Surgeons in Zambia have sucessfully separated seven-month-old conjoined twins in a landmark operation in the capital Lusaka, the Mwebantu news portal reports.
The surgery was done at the Women and New Born hospital in Lusaka. A senior medical superintendent at the facility told the media that the operation was completed at 16:58 hours local time.
“A lot of progress has been made. In fact great progress, … the twins have been separated. They were separated at exactly 16:58 hours.
“However, there is still a lot to be done in terms of closing up the wounds and we anticipate that the surgery will continue for an hour and a half to two hours. We hope by 20:00 hours they will be in ICU,” said Dr Maureen Chisembele.
A team of 30 health professionals on Friday (February 2) operated the twins who are joined at the abdomen and shared a liver. Reports indicate that it took seven hours to execute the mission and the children have left the operating theater.
The children – Bupe and Mapalo, were born in the town of Kawambwa located in Zambia’s northern Luapula region but they were transferred to the capital for further attention.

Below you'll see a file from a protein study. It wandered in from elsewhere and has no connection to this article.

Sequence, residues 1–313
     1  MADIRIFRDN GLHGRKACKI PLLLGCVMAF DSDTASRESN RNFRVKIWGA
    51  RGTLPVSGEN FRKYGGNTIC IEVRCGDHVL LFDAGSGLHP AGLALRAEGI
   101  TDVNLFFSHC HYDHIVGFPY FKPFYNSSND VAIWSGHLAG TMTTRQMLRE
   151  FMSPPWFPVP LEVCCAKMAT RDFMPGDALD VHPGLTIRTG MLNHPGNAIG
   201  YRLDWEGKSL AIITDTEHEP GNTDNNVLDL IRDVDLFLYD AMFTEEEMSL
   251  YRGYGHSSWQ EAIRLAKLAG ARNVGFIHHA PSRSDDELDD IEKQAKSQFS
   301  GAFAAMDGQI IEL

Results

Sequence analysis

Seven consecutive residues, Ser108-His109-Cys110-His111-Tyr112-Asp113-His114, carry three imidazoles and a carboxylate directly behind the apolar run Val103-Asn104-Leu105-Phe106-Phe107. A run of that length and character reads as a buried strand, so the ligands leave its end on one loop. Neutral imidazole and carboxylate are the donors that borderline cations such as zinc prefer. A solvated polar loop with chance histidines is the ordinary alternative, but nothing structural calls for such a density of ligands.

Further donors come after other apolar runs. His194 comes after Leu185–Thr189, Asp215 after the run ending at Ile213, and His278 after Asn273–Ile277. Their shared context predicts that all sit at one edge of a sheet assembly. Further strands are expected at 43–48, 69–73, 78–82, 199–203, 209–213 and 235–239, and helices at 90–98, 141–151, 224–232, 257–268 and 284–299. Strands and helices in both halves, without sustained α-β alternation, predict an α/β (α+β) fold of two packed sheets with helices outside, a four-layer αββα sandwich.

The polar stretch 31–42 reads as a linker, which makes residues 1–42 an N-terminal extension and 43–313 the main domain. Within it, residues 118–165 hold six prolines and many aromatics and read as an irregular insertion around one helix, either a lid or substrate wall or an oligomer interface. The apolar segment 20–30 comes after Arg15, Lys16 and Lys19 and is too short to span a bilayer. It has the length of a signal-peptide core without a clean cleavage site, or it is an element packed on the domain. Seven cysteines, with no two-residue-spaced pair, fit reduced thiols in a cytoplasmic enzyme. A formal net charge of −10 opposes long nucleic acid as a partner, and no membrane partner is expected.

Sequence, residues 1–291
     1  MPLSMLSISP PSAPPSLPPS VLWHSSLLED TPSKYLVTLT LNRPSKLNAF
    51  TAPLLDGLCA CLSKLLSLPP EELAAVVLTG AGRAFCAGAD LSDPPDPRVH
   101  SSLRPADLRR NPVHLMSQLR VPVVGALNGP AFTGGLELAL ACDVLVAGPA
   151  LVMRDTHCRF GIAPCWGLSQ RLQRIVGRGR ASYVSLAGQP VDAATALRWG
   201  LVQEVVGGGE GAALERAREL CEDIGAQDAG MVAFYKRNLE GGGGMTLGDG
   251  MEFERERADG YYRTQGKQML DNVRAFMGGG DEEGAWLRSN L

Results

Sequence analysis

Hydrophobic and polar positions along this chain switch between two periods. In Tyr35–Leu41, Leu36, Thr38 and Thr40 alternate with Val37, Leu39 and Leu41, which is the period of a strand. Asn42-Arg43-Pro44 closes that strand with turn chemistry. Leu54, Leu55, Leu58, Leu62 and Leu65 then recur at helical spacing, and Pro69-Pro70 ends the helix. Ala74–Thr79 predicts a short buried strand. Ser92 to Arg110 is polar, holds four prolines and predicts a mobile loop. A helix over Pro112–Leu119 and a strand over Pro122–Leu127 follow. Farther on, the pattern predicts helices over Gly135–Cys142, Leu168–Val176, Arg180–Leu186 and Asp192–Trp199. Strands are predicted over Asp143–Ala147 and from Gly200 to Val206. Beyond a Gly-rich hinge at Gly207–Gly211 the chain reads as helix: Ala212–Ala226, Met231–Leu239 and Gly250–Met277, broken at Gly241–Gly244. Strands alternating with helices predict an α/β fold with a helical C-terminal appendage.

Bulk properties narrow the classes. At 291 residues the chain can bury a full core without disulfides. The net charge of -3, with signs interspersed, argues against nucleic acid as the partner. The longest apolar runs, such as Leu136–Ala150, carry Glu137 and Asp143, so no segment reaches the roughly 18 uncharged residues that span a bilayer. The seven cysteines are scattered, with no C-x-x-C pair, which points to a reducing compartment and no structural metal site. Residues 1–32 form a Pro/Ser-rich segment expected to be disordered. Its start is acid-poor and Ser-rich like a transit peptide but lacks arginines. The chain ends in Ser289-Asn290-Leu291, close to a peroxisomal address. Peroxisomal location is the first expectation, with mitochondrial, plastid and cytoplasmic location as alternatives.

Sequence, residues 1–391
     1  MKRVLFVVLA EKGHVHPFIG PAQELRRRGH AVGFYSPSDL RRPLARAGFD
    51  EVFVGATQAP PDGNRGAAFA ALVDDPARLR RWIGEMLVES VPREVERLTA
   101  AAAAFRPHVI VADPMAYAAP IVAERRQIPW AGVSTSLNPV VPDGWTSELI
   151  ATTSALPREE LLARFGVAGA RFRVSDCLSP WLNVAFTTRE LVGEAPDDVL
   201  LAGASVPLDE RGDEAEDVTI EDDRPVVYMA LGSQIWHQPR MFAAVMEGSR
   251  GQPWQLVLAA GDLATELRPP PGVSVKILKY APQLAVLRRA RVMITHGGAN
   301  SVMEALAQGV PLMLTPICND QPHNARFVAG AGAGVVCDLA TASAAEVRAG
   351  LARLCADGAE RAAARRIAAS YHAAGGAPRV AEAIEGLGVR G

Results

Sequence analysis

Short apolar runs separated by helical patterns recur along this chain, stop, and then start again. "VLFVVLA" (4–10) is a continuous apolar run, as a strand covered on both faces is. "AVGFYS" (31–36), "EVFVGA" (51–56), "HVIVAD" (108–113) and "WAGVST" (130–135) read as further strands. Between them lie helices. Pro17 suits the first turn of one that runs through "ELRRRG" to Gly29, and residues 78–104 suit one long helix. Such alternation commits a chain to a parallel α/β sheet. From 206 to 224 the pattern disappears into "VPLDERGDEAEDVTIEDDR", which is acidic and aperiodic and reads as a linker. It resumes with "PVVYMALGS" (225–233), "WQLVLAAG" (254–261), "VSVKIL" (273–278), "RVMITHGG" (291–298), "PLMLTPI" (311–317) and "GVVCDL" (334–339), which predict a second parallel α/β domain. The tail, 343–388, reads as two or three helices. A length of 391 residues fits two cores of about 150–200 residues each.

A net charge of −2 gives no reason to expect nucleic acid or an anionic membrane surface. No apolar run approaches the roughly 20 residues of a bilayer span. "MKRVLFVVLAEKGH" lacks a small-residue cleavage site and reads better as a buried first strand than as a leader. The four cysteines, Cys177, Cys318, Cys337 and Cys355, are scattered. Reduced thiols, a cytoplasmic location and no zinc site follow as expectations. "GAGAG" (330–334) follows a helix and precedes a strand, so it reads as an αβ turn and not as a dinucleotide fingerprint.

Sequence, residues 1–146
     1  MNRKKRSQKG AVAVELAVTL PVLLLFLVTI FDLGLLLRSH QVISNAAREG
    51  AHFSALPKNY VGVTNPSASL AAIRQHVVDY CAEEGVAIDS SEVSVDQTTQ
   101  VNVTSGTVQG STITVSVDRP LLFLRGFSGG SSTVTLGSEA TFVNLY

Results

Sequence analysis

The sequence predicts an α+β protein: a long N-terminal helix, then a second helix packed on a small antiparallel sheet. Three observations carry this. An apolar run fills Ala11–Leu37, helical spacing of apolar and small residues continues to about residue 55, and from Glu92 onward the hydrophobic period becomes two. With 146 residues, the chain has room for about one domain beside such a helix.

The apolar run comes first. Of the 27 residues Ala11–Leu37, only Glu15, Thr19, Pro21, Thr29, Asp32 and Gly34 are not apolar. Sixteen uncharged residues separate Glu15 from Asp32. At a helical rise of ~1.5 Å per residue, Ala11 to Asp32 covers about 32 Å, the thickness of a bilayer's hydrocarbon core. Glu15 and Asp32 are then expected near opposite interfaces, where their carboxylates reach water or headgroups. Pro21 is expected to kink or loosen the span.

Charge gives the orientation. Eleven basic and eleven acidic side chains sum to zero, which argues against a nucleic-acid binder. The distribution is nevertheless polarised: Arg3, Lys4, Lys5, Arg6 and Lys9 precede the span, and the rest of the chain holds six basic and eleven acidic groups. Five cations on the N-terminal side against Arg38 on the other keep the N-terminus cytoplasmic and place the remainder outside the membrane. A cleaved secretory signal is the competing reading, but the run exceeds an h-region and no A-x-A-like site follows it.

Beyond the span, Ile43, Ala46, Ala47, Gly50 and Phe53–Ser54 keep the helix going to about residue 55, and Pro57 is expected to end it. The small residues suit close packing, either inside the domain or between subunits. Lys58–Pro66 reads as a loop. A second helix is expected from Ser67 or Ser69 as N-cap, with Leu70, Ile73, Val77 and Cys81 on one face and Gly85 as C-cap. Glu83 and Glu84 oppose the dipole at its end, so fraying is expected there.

UPDATE: SIAMESE TWINS SEPARATION: On-going consultations between the operating team of Dr Bruce Bvulani and Dr Robert Zulu and the senior consultants Dr Chadwick Ngwisha, Prof Lupando Munkonge and Prof Tackson Lambert. Glory to God. (Pictures by Dr Kachinga Sichizya).. pic.twitter.com/qQeVNDtGcB— Mwebantu (@Mwebantu) February 2, 2018
In September 2017, lead surgeon Bruce Vulani indicated that the twins who at the time were 3 months old could only be separated after 6 months to allow for more skin to grow on their bellies where they were joined.
Dr. Chisembele explained that the babies remained in good health and were luckily not sharing major tissues such as liver and intestines. The medical team that separated them comprised local doctors.
The twins were identified as omphalapogus twins, a rare kind of birth in Zambia and that the major cause is incomplete division of one fertilized ovum.
Omphalopagus are twins who are connected from the breastbone to the waist and about 33 percent of all conjoined cases in the world are categorized as such.